Standardization of Repeat Swab Cultures for Mycobacteria and Fungal Organisms

Beginning Thursday, September 19, 2013, the University of Iowa Hospitals and Clinics Microbiology laboratory will match the policy of the neighboring Iowa City Veteran’s Administration Hospital regarding repeat swab cultures for mycobacteria and fungi from a single site.  The following policy is the result of a joint effort between the Departments of Orthopedics, Infectious Disease and Pathology.

Because most repeat swab cultures are ordered on paper requisitions, rather than in Epic, providers may have to change how they typically obtain intraoperative cultures (e.g. by filling out multiple requisitions beforehand).  If multiple swabs are received from a single site, several considerations will apply:

  1. The laboratory will continue to accept any number of tissue or fluid samples from any number of sites for any type of culture. As a matter of laboratory utilization, please also do not add on mycobacterial and fungal cultures unless these pathogens are in the differential diagnosis for the patient.
  2. Swabs (ESwabs, PS #74541) are suboptimal for aerobic and anaerobic culture but will be accepted in multiple sets for these cultures if no other samples are available.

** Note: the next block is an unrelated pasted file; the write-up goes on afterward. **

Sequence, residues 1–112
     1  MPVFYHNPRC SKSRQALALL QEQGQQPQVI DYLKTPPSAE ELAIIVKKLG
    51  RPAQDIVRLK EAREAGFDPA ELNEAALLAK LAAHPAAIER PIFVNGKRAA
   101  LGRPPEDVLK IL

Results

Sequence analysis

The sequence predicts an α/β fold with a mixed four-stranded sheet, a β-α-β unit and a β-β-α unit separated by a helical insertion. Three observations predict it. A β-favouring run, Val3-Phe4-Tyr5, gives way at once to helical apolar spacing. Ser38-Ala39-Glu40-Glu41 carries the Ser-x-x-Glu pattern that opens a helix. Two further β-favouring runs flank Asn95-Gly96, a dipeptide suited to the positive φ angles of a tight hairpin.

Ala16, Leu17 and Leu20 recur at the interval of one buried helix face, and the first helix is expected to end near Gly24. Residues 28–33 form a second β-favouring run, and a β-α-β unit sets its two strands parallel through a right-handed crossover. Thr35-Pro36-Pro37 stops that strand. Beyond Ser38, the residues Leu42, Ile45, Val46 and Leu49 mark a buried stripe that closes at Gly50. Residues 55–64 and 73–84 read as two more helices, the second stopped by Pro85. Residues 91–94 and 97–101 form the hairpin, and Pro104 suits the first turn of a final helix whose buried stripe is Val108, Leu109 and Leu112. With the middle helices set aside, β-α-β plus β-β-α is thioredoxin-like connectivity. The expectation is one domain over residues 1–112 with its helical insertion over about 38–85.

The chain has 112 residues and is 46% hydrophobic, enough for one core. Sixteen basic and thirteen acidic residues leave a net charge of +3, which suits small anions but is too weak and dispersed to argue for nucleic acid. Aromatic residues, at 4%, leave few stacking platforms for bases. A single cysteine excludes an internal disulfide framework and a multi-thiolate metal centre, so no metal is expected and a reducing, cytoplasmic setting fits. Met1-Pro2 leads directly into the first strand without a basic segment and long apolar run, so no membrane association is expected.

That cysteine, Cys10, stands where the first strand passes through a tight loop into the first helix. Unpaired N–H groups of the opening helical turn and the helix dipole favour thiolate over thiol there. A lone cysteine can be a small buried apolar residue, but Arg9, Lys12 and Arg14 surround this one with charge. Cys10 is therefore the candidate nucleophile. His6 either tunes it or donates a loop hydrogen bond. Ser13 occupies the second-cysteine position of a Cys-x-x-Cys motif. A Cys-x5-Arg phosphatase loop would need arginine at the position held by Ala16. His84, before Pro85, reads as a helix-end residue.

3. If multiple swabs are sent to the laboratory from the same site, the preferred method of ordering will be to label one swab or order as having sampled the deepest and/or most involved site of potential infection. Only this swab will be used for mycobacterial and fungal culture.
  4. If no swab in a set is marked, the Microbiology laboratory will choose one for mycobacterial and fungal culture and cancel the remaining orders for these cultures. Aerobic and anaerobic cultures will be performed on the rest if also ordered. Review of ~1,400 swab cultures obtained in multiple sets revealed no positive cultures for any mycobacteria, yeast, or filamentous fungi, suggesting that this is a failsafe alternative. Overall, the hospital-wide yield of non-swab cultures for fungi is ~10%, illustrating the unsuitability of swabs for this purpose.

Questions concerning this broadcast can be directed to Bradley Ford, MD, PhD, Associate Medical Director of Microbiology, (ext. 6-2990,